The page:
SUBJECT: Ph.D. Dissertation Defense
BY: Kaikai Che
TIME: Monday, August 20, 2018, 1:00 p.m.
PLACE: Love Building, 109
TITLE: Nonlinear mechanics analysis of multimaterial thermoviscoelastic architected materials with snap-through instabilities
COMMITTEE: Dr. Julien Meaud, Chair (ME)
Dr. H. Jerry Qi (ME)
Dr. Alper Erturk (ME)
Dr. Massimo Ruzzene (AE)
Dr. Julian Jose Rimoli (AE)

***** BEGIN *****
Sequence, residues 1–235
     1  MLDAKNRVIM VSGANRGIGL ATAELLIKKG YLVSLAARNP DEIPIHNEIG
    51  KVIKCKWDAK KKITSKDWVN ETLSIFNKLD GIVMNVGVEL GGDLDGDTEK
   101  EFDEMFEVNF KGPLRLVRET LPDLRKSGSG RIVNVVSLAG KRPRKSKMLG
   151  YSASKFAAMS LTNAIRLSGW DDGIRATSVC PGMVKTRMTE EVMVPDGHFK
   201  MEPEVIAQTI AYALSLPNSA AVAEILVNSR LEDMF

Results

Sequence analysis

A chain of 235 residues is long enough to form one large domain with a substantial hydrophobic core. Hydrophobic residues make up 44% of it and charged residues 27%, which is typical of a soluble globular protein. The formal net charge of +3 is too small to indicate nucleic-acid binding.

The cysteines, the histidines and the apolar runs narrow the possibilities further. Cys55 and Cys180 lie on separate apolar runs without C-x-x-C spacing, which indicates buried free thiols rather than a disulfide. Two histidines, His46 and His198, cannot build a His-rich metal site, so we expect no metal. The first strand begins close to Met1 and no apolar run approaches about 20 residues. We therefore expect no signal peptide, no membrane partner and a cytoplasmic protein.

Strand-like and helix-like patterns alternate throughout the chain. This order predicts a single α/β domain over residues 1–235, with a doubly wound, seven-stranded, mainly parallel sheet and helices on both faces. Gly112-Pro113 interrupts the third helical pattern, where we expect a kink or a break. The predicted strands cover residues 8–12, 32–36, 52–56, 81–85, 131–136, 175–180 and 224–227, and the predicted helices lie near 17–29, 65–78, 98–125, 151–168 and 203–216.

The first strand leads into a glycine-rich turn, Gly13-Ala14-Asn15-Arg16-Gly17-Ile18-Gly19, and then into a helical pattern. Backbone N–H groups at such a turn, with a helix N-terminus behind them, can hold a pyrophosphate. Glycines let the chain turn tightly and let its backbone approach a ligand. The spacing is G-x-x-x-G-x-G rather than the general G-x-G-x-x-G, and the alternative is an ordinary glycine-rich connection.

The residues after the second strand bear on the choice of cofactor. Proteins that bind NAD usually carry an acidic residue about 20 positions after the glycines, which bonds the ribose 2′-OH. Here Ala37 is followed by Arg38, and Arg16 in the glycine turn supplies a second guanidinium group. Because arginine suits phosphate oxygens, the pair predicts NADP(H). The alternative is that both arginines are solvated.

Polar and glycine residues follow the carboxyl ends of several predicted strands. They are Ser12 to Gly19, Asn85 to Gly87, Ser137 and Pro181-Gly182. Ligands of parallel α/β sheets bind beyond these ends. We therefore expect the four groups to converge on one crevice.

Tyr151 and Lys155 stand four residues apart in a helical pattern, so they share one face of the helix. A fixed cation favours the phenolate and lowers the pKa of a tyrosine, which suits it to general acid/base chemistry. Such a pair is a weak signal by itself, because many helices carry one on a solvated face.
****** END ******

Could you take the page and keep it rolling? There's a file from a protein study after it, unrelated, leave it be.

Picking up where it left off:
Architected materials have unusual and interesting properties that are typically unachievable using conventional materials. Many researchers have previously focused on the design and analysis of architected materials with snap-through instabilities. This thesis aims to investigate the influence of geometric parameters, temperature and time on the snap-through buckling of one-dimensional (1D) thermoviscoelastic architected materials for applications as reconfigurable architected materials. Rigorous theoretical models of a unit cell with snapthrough instabilities are first developed for both the cases of elastic and thermoviscoelastic constitutive models. These theoretical models are utilized to analyze the influence of geometric design, temperature and strain rate on the mechanics of the unit cell. With the understanding of the nonlinear mechanics of the unit cells, strategies (such as introducing small geometric variations in the unit cell design or varying the temperature) are proposed and implemented to tune the snapping sequences of architected materials made of unit cells with snap-through instabilities. With the help of the theoretical model, FEA simulations and experiments, temperature is utilized to tune the snapping sequence of these multimaterial architected materials after their fabrication. Furthermore, it is shown that a time-dependent snapping behavior can be observed in a viscoelastic architected material that has snap-through instabilities. The influence of geometric parameters and temperature on this time-dependent snapping is analyzed. The results provide fundamental understandings of interesting mechanical response that depends on time and temperature, which could help to design and develop reconfigurable and programmable architected materials with tunable properties.